fter all, what Westerner has experience with foods like these? “Cowboy leg,” “Hand-shredded ass meat,” “Red-burned lion head,” “Strange flavor noodles,” “Blow-up flatfish with no result,” or “Tofu made by woman with freckles.”
As proud as the Chinese people are of their thousands of years of gastronomic culture, even a Chinese native can feel disoriented when going to another province, given all the different styles of cooking. Many of the food names, often unique to different provinces, get lost in translation, especially in booming cities starting to embrace overseas tourists.
With few English speakers, restaurants usually translate their menus word by word directly from an English-Chinese dictionary. Or they just Google the Chinese characters. A photo that made the rounds online a few years ago got a chuckle from a lot of people: a restaurant with a large “page not found” sign above its door as its English name.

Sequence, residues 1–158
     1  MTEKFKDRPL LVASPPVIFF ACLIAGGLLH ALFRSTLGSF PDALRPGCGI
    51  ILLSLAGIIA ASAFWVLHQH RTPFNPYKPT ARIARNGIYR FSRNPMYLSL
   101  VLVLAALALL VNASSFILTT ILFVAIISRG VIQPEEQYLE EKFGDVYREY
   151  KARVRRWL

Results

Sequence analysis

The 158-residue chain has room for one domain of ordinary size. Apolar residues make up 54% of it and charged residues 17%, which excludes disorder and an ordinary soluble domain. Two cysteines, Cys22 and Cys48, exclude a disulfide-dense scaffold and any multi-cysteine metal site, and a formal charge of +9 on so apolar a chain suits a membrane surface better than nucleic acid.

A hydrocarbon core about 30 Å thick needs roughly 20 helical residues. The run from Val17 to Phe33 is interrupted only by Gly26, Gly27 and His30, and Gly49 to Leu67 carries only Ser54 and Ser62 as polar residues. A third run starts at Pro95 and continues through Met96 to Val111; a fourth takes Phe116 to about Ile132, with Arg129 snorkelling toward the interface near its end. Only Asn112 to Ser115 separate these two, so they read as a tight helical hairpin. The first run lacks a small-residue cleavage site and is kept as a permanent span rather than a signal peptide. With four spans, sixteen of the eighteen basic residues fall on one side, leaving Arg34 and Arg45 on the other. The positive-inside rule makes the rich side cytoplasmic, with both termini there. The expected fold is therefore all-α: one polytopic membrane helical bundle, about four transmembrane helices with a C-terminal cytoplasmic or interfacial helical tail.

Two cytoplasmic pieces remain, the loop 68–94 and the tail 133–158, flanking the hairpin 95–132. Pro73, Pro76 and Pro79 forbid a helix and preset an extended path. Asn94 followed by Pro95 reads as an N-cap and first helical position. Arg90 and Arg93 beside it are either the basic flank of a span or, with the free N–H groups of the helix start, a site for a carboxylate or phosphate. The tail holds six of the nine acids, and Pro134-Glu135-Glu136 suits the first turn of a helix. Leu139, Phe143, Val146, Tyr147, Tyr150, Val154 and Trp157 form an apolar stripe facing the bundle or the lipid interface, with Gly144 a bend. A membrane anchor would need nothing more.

But the Beijing Municipal government hopes to end such unintended jokes with its new guidebook intended for the public and restaurants alike, “Enjoy Culinary Delights: The English Translation of Chinese Menus.”
The effort began in 2006 with a “Beijing speaks English” campaign. By the 2008 Summer Olympics, officials had created a draft guide with translations for major restaurants to meet the demand for arriving athletes and tourists.
By: By Bo Gu. Read Full Article.